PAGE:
How Democrats Should Message The Midterms

The Daily Escape:

Sunset along the Last Dollar Road (from Telluride to Ouray), CO – photo by Rich Briggs Photography

Democrats are messaging like mad about the Jan. 6 attempted coup public hearings that start tomorrow. The NYT is asking whether the “Jan. 6 Hearings Give Democrats a Chance to Recast Midterm Message.”

The NYT thinks the real question is whether the “message” of the Jan. 6 hearings will “resonate” with voters. We know that the Republicans now deny that Jan.6 was an attempted coup. We know that the Big Lie, the Great Replacement Theory, and the idea of the Second Amendment uber alles, are mainstream views of the GOP. The Times shouldn’t be covering the mid-terms and the hearings as if they are sporting events – the future of the American experiment is on the line.

Along the way to becoming a Party that totally supports violence, for years, Republicans have been a Party of Senators who do nothing to solve America’s problems.

And it isn’t simply their position on government spending. Once upon a time, Wrongo considered Republican concerns about government spending and budget deficits a serious viewpoint. But since they give tax cuts to the wealthy and to corporations whenever they’re in power, they have lost all credibility on spending.

Under Republican rule, the US left the international consortium to blunt climate change. They walked away from an Iran nuclear deal that leaves the world in a much less safe place. They politicized the pandemic and mocked efforts by public health officials to prevent Covid from becoming the endemic disease it is today.

Going back five decades, they steadfastly opposed national health insurance for the millions of Americans who had none. Their opposition continued by causing the Clinton plan for health insurance to crash on takeoff. Republicans fought the ACA during the Obama administration, although it passed without a single Republican vote in 2010. They fought to overturn it throughout the Trump years.

Today, the Senate is in a position to act on multiple measures, including gun control, that would improve the lives of millions of Americans. They could vote tomorrow. But they won’t because neither Party can muster a filibuster-proof majority in the Senate.

The 2022 mid-terms provide a moment for all Americans, including Democrats, Independents, and a few Republicans to do some serious soul searching. They need to answer the question: Do you want a government that does nothing or a government that tries to solve problems?

Do you want to elect representatives who despise government, or do you want men and women who bring informed views and respect for our Constitutional democracy to the House and Senate?

Wrongo was in high school when the book “Profiles in Courage” came out. It was ghost-written for then-Senator John Kennedy (the original JFK, not the current empty suit from Louisiana). The book profiles Senators who defied the opinions of their Party (and constituents) to do what they felt was right. Most of them suffered severe criticism and losses in popularity because of their actions.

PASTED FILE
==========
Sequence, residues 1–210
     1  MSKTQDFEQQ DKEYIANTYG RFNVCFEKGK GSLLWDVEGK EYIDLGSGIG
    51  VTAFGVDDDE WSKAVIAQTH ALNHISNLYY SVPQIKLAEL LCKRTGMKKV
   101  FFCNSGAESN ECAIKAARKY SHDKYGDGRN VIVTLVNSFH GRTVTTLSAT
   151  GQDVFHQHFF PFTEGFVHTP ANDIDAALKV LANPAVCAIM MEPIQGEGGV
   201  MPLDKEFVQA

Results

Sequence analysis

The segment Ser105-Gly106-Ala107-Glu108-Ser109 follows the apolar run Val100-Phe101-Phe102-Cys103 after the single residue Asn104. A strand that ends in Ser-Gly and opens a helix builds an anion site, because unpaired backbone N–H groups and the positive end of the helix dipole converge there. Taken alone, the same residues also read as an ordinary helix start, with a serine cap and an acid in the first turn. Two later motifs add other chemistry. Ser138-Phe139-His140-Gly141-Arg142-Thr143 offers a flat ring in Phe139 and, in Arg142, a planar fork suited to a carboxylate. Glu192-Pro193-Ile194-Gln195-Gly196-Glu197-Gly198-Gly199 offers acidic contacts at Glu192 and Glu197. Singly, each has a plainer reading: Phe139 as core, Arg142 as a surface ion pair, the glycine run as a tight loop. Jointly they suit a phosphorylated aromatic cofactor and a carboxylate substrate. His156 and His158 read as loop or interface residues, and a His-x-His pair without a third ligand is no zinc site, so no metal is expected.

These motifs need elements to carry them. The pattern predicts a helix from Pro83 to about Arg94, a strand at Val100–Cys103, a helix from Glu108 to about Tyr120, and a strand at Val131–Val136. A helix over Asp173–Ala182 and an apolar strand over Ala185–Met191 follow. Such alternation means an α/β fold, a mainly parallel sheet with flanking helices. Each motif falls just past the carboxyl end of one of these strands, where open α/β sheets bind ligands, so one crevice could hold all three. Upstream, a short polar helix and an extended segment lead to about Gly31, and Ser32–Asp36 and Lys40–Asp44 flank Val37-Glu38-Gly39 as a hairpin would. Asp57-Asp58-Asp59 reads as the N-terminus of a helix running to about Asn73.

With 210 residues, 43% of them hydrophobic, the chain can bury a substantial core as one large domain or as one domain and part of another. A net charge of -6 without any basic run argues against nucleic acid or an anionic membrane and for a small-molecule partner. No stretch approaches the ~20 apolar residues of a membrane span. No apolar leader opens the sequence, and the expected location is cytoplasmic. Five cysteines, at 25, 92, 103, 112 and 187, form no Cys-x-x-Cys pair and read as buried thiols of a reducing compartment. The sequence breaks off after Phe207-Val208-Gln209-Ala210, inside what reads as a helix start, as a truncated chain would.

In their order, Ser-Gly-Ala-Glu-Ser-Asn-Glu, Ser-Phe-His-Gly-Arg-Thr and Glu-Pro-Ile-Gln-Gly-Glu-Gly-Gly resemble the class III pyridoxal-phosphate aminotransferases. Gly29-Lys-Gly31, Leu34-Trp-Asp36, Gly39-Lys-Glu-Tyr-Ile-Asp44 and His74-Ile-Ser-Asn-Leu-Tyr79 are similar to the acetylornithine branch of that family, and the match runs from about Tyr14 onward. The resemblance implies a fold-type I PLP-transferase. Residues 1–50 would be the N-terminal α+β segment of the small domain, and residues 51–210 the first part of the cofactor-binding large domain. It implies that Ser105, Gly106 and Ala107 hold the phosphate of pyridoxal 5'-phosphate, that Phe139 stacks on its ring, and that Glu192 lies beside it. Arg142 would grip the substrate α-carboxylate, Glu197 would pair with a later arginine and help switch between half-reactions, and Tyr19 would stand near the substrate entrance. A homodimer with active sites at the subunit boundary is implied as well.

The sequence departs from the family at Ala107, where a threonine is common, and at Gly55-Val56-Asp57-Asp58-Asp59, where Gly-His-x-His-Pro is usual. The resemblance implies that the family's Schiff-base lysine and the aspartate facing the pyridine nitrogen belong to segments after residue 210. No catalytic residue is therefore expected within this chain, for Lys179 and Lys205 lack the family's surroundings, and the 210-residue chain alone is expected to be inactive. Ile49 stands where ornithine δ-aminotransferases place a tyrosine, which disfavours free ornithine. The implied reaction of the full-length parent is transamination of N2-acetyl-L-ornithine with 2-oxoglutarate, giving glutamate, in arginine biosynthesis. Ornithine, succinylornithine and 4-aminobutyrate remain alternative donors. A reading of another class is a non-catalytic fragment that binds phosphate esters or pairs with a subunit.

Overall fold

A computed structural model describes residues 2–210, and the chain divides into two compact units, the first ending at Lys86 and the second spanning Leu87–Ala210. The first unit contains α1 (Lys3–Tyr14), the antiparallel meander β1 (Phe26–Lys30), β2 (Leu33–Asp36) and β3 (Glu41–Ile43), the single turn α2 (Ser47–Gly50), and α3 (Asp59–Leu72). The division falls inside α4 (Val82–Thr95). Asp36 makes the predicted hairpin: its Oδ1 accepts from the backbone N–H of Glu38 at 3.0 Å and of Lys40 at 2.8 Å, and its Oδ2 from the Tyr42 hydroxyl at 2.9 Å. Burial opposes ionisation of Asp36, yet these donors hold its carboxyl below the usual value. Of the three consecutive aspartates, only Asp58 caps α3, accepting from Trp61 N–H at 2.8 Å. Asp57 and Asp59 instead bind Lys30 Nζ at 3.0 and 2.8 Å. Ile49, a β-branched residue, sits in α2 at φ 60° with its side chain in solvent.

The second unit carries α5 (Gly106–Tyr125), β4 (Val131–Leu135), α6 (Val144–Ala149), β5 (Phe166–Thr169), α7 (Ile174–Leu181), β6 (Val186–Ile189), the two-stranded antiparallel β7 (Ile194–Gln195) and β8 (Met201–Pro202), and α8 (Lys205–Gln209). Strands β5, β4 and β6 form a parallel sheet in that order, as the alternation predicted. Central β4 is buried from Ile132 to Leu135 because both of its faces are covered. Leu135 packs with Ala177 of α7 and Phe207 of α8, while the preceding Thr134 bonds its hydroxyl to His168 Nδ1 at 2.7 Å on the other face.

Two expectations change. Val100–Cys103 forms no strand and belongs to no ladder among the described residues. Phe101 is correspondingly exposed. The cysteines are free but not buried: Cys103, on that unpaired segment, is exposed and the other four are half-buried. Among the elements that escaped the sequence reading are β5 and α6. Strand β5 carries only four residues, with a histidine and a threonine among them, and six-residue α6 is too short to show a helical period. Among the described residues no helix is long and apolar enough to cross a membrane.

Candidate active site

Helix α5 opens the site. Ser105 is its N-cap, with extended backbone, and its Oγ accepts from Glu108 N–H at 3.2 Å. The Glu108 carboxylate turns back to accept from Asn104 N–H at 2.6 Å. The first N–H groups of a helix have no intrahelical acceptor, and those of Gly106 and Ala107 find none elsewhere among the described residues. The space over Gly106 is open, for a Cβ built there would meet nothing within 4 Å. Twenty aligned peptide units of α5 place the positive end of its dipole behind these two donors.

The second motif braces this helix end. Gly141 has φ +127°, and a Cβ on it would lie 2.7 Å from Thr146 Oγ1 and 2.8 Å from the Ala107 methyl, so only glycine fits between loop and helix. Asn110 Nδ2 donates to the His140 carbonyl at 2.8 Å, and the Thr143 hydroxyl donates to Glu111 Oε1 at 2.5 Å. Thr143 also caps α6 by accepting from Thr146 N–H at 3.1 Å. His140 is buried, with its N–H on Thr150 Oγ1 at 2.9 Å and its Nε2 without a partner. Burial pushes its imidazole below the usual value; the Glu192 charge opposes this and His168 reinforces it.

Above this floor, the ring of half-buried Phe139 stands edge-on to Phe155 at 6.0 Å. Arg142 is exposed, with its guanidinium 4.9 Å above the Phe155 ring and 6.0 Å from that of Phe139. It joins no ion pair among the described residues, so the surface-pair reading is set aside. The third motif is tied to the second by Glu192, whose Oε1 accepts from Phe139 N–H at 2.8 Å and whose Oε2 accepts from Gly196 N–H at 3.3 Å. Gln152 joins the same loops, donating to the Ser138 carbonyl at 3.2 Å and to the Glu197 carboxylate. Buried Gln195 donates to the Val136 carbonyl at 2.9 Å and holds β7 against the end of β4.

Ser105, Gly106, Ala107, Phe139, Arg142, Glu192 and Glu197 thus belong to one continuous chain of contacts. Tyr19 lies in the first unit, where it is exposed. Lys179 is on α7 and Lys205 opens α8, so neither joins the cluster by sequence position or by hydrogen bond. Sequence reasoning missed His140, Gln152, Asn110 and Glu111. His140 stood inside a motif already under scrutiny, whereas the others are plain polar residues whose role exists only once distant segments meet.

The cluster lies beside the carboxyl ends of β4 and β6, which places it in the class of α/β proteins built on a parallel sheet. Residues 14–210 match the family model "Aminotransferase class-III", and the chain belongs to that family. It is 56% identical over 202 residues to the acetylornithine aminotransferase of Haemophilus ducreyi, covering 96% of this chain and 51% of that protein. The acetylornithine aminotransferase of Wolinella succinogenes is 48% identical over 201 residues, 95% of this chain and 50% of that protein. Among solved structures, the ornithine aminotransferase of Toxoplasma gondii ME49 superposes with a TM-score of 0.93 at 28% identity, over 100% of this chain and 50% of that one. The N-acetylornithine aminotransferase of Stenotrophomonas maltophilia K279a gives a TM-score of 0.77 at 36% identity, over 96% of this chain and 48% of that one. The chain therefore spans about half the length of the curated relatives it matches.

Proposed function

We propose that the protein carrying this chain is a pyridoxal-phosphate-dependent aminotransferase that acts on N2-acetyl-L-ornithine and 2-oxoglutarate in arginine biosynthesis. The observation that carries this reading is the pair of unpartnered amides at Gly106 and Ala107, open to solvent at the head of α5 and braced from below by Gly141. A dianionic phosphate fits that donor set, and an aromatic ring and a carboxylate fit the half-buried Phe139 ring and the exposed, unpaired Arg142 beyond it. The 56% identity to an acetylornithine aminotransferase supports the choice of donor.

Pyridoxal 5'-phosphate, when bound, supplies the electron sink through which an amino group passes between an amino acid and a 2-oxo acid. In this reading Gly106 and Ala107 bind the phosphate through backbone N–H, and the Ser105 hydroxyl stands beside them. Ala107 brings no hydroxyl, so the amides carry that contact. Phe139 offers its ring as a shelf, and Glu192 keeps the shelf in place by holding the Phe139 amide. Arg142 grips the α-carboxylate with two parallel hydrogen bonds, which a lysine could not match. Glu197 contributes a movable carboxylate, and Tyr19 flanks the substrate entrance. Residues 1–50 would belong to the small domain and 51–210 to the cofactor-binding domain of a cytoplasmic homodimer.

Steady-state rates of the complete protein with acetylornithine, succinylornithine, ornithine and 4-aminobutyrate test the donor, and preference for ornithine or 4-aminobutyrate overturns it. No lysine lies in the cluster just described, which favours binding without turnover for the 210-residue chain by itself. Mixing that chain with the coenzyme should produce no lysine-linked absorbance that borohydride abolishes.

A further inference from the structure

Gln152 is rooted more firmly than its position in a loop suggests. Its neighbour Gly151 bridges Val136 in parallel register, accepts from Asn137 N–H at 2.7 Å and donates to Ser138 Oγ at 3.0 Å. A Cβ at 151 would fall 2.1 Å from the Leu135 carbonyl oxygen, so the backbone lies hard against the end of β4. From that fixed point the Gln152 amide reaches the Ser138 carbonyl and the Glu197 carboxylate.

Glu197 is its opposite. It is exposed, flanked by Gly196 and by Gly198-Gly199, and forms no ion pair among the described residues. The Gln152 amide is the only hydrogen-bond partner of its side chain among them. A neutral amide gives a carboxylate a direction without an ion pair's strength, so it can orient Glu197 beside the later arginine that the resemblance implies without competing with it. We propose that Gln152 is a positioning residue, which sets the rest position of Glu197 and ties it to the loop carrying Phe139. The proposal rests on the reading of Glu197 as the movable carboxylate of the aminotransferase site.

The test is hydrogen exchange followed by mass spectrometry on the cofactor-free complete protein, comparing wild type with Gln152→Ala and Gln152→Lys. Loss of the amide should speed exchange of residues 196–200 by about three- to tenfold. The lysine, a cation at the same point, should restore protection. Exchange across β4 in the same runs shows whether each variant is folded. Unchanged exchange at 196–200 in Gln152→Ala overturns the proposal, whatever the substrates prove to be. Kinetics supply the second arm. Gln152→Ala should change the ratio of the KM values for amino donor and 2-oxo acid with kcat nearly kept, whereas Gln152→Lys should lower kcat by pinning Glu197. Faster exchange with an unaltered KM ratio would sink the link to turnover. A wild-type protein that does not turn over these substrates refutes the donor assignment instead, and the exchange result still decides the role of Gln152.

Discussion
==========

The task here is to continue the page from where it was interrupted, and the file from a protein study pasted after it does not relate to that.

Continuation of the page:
Today, no one expects to see a Senator of either Party act solely on the basis of moral courage. It is a terrible shame that it takes more courage for a politician to say or do the right thing than they can muster.

But there’s no public mandate for do-nothingism. And the structure of the Senate empowers a minority who doesn’t want anything to get done. When legislators refuse to legislate, they’re telling the American people that they couldn’t care less about urgent issues like gun violence, fair wages or voting rights.

They’re happy to sit on their hands despite Americans needing their help.

This is anti-democratic. If there was strong public support for do-nothingism, at least our governing institutions would reflect public opinion. But the Senate doesn’t reflect what the public wants.

The Senate has changed drastically since its “Profiles in Courage” days. It was conceived as the body that would cool the passions of the House and consider legislation with a national perspective. But today, the Senate has become a body that shuns debate, avoids legislative give-and-take, proceeds glacially, producing next to nothing.

Wrongo worries that in the mid-terms, Democrats will run mainly against the Big Lie, and their sparse record of legislative achievements. They should run against the “Do Nothing Republicans” in the Senate.

The Democratic Party is more diverse ideologically than the Republicans. This is a messaging challenge for them. The Republican’s coalition is narrower. It’s more ideologically homogenous. Given the Senate’s skewed geography, Republicans need only appeal to their base and little else, to succeed. That allows them to use simpler messages.

In “The Cause, The American Revolution and its Discontents, 1773-1783” by Joseph Ellis, he says that before the revolution, colonists didn’t think of themselves as Americans. They described their fight for independence as “The Cause”, an ambiguous term that covered diverse ideas and multiple viewpoints. It succeeded in unifying them against the British.

Running against “Do Nothing” Republicans would also use an ambiguous term covering multiple viewpoints. It would allow Democrats to move away from the idea that they have to sell a wider array of ideas to a wider group of voters.

It might also energize both Dems and Independents at a time when they are dispirited.